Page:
Are you looking to start rocking a keytar? You wouldn’t be the only one! Matt Bellamy (Muse), Damon Albarn (Gorillaz), and Jazz legend Herbie Hancock are just a few that have performed with them.
Whether you’re looking for a fully self-contained instrument or a MIDI keytar, we’ve got you covered.
The Best Keytars – Our Round-Up
1. Alesis Vortex Wireless 2
We start off this list with this with an affordable option. Alesis Vortex Wireless 2 is a MIDI-controller keytar that comes with a bunch of options and is great for the studio environment.
Since it’s MIDI controller, this keytar can’t produce sound by itself, but needs to be connected to the computer or other external gear.
This is a 37-key keytar, which comes with 8 RGB backlighted programable pads and 8 programable sliders, usually used for the EQ.
On the neck, you’ll find a wheel for pitch bending and a volume slider, as well as touch strip, zone, sustain, and octave-control buttons that you can control easily.
The keys on this keytar are velocity-sensitive with aftertouch, giving you all the feel, you might need when you’re playing this thing. Vortex Wireless 2 works on USB power or 4 AA batteries, giving you full range and mobility when playing.
As for the connectivity, USB Bluetooth dongle that you get together with the keytar will provide a quality, stable wireless connection.
All in all, this is an affordable, lower-end MIDI controller that will provide you with a lot of options and give you a workstation feeling for only a fraction of the money you would need for a full keytar.
2. Korg RK-100S
Korg RK-100 was one of the first keytars to be mass-produced in the 1980’s and has become an iconic instrument in the history of pop music. 35 years later, Korg decided to put out the upgraded and modernized version of the original.
RK-100S is a beautiful keytar with 37 keys. Even though they are a bit smaller than standard keys to help bring the weight and size of the instrument down, you should have no problems playing it.
The body of this instrument is solid wood, and you can choose from three finishes. As far as the connectivity goes, you have MIDI out, a microphone jack, and ¼” jack, as well as the power connection. It has built-in speakers.
Sound is the main reason why this keytar was so popular back in the day. Today, you can find 200 preset sounds, which you can alter through your computer when you connect the instrument.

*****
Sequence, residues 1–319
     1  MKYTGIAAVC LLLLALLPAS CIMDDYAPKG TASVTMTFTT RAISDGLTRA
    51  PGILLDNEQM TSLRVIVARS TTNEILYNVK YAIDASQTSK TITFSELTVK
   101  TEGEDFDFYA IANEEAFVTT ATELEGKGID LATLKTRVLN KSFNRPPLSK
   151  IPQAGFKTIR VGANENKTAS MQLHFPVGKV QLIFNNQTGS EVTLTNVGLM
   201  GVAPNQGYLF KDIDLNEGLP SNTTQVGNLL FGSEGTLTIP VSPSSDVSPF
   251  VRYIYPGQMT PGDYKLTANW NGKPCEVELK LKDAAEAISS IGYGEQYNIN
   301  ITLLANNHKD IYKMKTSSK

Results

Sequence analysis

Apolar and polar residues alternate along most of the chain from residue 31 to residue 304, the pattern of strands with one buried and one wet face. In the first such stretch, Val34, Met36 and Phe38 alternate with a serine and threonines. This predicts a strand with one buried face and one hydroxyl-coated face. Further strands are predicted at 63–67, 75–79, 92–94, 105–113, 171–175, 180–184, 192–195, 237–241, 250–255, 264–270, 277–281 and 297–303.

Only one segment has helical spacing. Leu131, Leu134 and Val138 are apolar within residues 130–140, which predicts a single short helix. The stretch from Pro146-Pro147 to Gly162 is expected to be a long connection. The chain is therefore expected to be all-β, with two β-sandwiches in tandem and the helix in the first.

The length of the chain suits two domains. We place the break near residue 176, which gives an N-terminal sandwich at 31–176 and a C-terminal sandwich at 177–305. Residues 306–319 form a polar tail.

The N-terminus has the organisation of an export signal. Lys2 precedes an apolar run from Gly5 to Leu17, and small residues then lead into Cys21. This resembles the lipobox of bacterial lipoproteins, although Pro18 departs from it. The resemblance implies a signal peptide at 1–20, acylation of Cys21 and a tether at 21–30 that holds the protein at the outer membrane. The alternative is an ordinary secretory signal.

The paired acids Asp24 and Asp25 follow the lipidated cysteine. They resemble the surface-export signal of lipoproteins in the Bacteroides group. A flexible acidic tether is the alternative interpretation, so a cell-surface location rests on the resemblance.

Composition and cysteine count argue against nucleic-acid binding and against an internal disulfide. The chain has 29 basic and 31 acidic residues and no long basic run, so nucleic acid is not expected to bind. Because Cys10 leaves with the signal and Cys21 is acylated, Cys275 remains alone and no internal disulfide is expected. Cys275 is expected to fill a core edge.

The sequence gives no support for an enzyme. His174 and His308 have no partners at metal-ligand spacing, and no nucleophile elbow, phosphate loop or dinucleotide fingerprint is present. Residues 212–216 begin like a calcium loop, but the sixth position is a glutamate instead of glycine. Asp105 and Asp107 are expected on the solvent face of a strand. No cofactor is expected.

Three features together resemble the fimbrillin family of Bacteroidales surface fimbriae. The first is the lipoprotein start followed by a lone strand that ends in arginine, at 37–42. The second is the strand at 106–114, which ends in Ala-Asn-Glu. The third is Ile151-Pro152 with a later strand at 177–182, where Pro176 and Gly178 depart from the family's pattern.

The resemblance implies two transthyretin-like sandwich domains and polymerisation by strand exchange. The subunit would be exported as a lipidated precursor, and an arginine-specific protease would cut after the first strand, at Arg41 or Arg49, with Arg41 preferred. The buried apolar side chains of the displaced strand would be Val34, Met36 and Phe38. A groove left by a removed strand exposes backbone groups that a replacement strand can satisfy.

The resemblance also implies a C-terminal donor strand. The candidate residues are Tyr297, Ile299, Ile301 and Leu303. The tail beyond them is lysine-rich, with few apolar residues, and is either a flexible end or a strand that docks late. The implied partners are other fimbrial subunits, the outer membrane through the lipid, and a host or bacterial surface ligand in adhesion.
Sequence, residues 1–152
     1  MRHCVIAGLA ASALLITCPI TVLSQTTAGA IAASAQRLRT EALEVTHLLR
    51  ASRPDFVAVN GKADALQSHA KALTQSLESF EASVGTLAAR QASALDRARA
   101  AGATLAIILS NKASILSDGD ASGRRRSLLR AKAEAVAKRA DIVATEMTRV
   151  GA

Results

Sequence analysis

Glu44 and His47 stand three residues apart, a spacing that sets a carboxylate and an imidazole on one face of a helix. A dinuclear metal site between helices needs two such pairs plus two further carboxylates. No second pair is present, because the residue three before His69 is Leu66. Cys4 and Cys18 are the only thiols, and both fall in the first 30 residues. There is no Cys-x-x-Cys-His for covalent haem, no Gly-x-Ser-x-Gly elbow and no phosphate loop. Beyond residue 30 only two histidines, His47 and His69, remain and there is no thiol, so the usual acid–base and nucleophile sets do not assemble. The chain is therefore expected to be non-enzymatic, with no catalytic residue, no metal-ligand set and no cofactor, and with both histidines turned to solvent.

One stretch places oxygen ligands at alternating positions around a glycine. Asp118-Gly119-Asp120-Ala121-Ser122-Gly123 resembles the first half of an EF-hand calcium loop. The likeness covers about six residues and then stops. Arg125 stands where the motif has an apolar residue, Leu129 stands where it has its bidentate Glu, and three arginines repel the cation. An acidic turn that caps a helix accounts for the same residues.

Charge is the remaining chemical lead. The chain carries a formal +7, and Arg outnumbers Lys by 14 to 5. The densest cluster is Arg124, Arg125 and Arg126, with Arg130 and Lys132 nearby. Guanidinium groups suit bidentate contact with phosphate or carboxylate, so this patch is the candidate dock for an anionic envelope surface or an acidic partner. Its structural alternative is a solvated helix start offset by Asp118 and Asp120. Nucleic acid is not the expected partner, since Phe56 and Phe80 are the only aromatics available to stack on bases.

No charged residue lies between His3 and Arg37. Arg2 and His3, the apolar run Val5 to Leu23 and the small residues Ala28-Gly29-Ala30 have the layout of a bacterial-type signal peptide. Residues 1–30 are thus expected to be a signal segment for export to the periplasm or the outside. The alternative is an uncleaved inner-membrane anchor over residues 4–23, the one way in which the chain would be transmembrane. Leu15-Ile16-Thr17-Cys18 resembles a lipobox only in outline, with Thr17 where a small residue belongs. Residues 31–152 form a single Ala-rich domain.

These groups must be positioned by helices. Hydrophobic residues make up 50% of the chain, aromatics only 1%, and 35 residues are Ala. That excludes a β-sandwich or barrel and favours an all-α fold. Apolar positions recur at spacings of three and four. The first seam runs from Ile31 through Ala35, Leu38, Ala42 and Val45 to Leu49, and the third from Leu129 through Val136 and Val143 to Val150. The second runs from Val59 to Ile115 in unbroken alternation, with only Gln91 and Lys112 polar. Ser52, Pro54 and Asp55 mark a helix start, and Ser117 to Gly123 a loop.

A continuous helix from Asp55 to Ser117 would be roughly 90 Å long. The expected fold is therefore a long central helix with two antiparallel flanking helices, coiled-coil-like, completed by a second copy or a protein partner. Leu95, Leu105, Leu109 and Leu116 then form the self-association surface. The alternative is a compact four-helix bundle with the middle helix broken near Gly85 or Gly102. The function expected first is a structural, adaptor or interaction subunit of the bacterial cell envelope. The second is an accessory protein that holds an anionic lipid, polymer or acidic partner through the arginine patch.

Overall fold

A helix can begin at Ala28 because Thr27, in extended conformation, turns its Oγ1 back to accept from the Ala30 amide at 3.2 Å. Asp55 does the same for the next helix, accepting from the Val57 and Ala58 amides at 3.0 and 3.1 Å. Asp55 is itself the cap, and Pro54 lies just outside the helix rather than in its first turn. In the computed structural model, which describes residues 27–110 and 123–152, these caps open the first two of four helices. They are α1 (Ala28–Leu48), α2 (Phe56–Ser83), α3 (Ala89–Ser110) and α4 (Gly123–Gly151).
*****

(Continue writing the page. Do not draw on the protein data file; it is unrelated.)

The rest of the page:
It comes with two control strips – one on the neck and other beneath the keys. With these strips, you can control and use a bunch of different options, which gives you full control over the instrument anyone might need.
Also, it comes with 8 programable buttons and several different buttons to control all of the effects.
All in all, this is a great, professional keytar, that justifies its reputation. It’s a quality product that you can use both in the studio settings and on the road, and that will last you for a long time, whether you’re a beginner or a professional.
3. Yamaha Sonogenic Keytar
This more compact keytar also comes with standard 37 keys. You should note that the keys are a bit smaller than standard so if you’re accustomed to standard keyboards, you might need some adjusting to do.
It has MIDI I/O so you can use it as a MIDI controller, USB connection, Bluetooth and standard ¼” and 3.5mm jacks.
The great thing about this keytar is that it has it’s own speakers so that you can play it without any other equipment, or you can jack it straight to the amplifier if need be. What separates this keytar from others is the Jam option.
The Jam is Yamaha’s way of letting anyone play songs the same as if they knew how to play them. You need to hit keys at the right time, and the preset sounds will play the song. It’s a great feature if you want to relax and have some fun with your friends, even though they don’t know how to play.
This is an excellent learning keytar since it’s smaller in size compared to the other keytars out there. However, it still offers a lot of different options that you need for serious playing.
4. Yamaha Vocaloid Keyboard VKB-100
It’s a singing-synth keytar, which is very popular in Japan, and particularly popular for Anime soundtracks. However, it could be used creatively in many electronic music genres.
The Yamaha Vocaloid VKB-100 is similar in build to the previously mentioned Sonogenic keytar, with 37 keys and pretty basic connectivity options. Its main feature is its Vocaloid function. It has a large bank of internal vocal presets which you can play and tweak effects.
You can also play this in normal keyboard mode, which sounds great. This is more of a niche item, but its pretty cool!
Are Keytars Easy to Play?
Yes, they are easy to play. It’s just a keyboard that’s hanging around your shoulders with some extra controls to alter the sound.
Are Keytars Heavy?
Early synths were heavy and bulky. Advancements in technology has made them very light and easy to carry around.
What do People Think of Keytars?
Keytars finally allowed keyboard players to become a part of the band on stage, not just sitting behind their keyboards all the time.
They were initially sneered at when they first appeared on the scene. Though over the years, people realized keytars can be pretty cool instruments.
Keytars are a great way to add an extra performance element to keys on stage. As you can see from the options above, there are plenty of features on these instruments to get creative.